By working with a cross functional team—staff from the area being studied—feasible, low cost and valued added improvement ideas can quickly be generated. It’s important for buy in, momentum and commitment that the improvements are quickly implemented and fine tuned to produce the expected results.

Q: What are the dangers for a manufacturer that does not take proper sanitation precautions?

A: Poor control of food safety programs can be expensive in terms of overtime cost, elevated food scrap, equipment reliability failures and in excessive non value added production time. Outright lapses in execution can have devastating consequences to the business, including expensive recalls, remediation costs, potential legal liability and destroyed consumer trust in individual brands.

Q: Food safety problems have been in the news a lot lately. Could better sanitation practices have prevented such food safety issues like the egg recall?

A: In late 2008 and early 2009, nine people died and at least 691 people became sick in an outbreak of food poisoning from eating products containing peanuts. The FDA confirmed that the sources of the outbreak of illnesses caused by salmonella typhimurium were peanut butter, peanut paste and peanut meal produced by a plant in Blakely, Georgia.

This triggered a massive food recall, involving at least 361 companies and 3,913 different products. Subsequent inspection of the plant by the FDA found that there had been concerns about sanitation at the company since at least the mid-1980s, that the company had information that its peanut-butter products were tainted with salmonella but shipped them anyway after “re-testing” them. FDA inspectors also found mold growing on the plant's ceiling and walls, foot-long gaps in its roof, dead insects near peanuts and holes in the plant big enough for rodents to enter. The company also didn’t clean its equipment after finding contamination and didn’t properly separate raw and finished products.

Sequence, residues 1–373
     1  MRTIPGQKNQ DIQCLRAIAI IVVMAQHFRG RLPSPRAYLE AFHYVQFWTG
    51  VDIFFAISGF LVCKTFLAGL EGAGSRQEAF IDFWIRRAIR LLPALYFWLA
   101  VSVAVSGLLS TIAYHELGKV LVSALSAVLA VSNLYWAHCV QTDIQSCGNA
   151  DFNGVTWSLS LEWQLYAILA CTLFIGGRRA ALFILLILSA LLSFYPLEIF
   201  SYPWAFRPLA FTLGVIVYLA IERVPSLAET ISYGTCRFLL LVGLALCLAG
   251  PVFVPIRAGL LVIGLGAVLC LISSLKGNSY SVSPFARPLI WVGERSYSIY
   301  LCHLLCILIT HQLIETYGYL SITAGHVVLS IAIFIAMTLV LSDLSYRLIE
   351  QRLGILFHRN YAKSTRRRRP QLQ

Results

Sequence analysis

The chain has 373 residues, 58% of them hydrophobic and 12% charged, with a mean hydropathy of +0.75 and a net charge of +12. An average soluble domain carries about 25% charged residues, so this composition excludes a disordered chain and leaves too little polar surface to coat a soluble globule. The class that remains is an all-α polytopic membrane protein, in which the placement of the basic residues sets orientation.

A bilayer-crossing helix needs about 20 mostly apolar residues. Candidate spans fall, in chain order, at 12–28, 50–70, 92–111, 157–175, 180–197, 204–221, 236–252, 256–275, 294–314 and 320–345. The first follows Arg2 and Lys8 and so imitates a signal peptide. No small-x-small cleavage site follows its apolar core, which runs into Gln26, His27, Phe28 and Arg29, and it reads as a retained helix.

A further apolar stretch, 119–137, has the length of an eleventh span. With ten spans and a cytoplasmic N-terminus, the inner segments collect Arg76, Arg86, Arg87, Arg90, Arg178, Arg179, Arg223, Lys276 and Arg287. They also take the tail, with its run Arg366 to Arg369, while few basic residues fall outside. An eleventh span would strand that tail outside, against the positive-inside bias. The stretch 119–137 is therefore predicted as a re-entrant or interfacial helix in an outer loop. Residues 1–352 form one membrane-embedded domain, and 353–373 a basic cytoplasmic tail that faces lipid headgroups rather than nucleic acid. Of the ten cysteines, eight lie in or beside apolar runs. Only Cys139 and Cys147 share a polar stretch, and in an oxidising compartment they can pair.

Clearly, this is an extreme case, but it demonstrates what can happen when a company has a cavalier approach to sanitation and food cleanliness. When poor practices become the standard way of operating, problems can spiral out of control with devastating consequences to the company. In this case, the company was bankrupted and the entire industry suffered, as other producers of similar products were also shunned by consumers. Basic, disciplined sanitation practices, such as pest abatement, regular sanitizing of walls and equipment, clear testing and disposal procedures and management commitment would have prevented the salmonella contamination and the catastrophe that it caused.